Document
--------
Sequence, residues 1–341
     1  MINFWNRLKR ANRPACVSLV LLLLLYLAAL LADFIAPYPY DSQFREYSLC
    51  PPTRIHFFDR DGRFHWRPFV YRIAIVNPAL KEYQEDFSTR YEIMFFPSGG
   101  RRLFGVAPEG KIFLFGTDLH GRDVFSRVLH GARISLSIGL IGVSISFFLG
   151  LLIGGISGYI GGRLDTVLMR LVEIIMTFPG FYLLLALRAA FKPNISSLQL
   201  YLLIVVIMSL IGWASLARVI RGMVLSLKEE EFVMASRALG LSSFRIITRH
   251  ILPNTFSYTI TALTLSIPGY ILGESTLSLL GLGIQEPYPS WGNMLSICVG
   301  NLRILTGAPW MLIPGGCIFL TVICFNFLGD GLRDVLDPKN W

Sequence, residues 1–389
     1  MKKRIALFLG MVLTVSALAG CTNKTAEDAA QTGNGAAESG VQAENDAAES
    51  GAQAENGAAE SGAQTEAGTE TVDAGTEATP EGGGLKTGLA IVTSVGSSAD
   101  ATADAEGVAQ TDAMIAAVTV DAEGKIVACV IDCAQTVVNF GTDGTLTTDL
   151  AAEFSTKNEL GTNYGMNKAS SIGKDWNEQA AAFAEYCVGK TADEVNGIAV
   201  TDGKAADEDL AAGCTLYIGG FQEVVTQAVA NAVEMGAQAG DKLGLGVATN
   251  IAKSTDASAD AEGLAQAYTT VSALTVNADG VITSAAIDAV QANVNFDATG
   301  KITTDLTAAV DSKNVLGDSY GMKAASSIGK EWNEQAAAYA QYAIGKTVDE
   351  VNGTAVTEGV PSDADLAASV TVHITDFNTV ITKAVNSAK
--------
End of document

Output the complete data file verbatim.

Sequence, residues 1–341
     1  MINFWNRLKR ANRPACVSLV LLLLLYLAAL LADFIAPYPY DSQFREYSLC
    51  PPTRIHFFDR DGRFHWRPFV YRIAIVNPAL KEYQEDFSTR YEIMFFPSGG
   101  RRLFGVAPEG KIFLFGTDLH GRDVFSRVLH GARISLSIGL IGVSISFFLG
   151  LLIGGISGYI GGRLDTVLMR LVEIIMTFPG FYLLLALRAA FKPNISSLQL
   201  YLLIVVIMSL IGWASLARVI RGMVLSLKEE EFVMASRALG LSSFRIITRH
   251  ILPNTFSYTI TALTLSIPGY ILGESTLSLL GLGIQEPYPS WGNMLSICVG
   301  NLRILTGAPW MLIPGGCIFL TVICFNFLGD GLRDVLDPKN W

Sequence, residues 1–389
     1  MKKRIALFLG MVLTVSALAG CTNKTAEDAA QTGNGAAESG VQAENDAAES
    51  GAQAENGAAE SGAQTEAGTE TVDAGTEATP EGGGLKTGLA IVTSVGSSAD
   101  ATADAEGVAQ TDAMIAAVTV DAEGKIVACV IDCAQTVVNF GTDGTLTTDL
   151  AAEFSTKNEL GTNYGMNKAS SIGKDWNEQA AAFAEYCVGK TADEVNGIAV
   201  TDGKAADEDL AAGCTLYIGG FQEVVTQAVA NAVEMGAQAG DKLGLGVATN
   251  IAKSTDASAD AEGLAQAYTT VSALTVNADG VITSAAIDAV QANVNFDATG
   301  KITTDLTAAV DSKNVLGDSY GMKAASSIGK EWNEQAAAYA QYAIGKTVDE
   351  VNGTAVTEGV PSDADLAASV TVHITDFNTV ITKAVNSAK